Use onomatopoeia to describe the sound of the following occurrence:  a mirror breaks in one of the scenes of Hamlet.

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Noelle Thompson eNotes educator| Certified Educator

It is interesting to think about which scene of Hamlet might contain a mirror breaking.  Perhaps a mirror could break in the scene when Hamlet confronts Ophelia, when Hamlet confronts his mother, or when Hamlet participates in the duel.  Quite honestly, these are all violent scenes.  A beautiful girl like Ophelia when confronted while she is “sewing in her closet” just might have a mirror around.  Hamlet confronts Gertrude in her own bedchamber.  There is no doubt that there is a mirror in there.  Further, there is even more violence after the confrontation when Hamlet kills Polonius.  Although there is less of a chance of a mirror to be present during the duel, perhaps there could be one on one of the walls.  Any of these could succeed in making a successful crashing sound as it breaks.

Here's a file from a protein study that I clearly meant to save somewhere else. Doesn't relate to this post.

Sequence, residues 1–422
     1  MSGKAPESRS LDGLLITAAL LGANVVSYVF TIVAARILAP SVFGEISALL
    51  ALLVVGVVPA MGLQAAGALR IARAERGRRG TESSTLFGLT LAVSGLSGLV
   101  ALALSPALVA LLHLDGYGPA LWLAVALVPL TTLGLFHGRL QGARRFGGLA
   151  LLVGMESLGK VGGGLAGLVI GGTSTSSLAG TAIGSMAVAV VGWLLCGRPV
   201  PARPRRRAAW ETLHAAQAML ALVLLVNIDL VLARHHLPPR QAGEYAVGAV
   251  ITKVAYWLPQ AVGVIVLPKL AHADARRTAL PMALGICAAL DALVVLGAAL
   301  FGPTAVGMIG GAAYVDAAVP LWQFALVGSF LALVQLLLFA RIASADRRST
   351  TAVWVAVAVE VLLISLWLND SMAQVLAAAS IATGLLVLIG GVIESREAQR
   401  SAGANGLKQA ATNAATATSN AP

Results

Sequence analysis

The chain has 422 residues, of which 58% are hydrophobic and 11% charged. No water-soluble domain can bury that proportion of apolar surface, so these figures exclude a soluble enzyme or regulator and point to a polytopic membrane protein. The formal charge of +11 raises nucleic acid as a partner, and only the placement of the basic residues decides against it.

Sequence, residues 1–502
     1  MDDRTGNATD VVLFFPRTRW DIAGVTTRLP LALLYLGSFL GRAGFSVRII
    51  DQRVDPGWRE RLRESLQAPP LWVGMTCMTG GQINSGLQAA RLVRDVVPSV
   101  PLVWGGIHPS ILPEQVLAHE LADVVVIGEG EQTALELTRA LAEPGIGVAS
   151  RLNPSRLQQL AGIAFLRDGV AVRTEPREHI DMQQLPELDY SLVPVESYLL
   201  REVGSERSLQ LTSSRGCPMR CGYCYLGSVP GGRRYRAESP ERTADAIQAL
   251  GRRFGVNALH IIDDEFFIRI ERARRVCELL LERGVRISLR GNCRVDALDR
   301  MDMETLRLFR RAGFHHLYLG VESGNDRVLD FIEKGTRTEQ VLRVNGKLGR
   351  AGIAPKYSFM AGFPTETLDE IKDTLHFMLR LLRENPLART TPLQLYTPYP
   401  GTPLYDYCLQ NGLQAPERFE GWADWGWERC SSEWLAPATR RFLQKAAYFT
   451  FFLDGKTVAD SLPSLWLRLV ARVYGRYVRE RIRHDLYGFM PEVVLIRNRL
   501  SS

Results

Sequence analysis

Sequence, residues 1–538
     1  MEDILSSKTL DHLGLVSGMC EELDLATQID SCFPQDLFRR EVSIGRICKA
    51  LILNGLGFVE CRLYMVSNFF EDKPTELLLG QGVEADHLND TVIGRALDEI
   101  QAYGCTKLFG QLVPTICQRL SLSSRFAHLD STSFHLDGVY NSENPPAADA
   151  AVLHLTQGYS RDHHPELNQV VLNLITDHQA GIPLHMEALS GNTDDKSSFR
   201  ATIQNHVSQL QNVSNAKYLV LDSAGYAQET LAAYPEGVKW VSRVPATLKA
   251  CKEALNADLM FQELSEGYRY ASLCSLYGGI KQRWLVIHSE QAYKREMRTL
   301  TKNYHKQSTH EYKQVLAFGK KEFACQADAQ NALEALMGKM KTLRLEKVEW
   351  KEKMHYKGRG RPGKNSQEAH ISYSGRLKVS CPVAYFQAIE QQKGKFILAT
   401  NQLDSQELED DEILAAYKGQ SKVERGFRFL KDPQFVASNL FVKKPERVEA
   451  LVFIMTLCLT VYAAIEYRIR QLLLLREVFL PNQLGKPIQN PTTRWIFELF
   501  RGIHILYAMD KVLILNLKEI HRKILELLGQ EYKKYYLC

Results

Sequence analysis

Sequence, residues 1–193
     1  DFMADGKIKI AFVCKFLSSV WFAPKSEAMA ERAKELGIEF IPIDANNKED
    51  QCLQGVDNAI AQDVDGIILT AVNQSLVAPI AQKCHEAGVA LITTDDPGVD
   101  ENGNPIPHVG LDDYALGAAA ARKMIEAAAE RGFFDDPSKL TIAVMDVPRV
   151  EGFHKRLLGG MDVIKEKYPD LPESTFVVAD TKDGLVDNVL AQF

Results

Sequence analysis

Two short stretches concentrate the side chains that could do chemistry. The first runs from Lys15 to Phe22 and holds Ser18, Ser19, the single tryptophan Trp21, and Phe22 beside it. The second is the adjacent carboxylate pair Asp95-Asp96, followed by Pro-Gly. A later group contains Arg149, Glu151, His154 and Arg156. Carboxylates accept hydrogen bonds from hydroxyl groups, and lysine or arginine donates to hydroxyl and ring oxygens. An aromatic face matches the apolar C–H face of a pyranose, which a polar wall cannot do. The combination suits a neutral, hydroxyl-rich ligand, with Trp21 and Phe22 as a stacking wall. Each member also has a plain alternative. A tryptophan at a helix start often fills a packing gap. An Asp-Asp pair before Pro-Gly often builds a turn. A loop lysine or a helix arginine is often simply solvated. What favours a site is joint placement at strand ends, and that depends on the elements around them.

Onomatopoeia, of course, is a literary term for an actual sound.  In regards to a mirror breaking, as in the scenes above from Hamlet, the sound could be either “crack” or “smash” or “crash.”  My suggestion would be to follow up the sound with an exclamation point.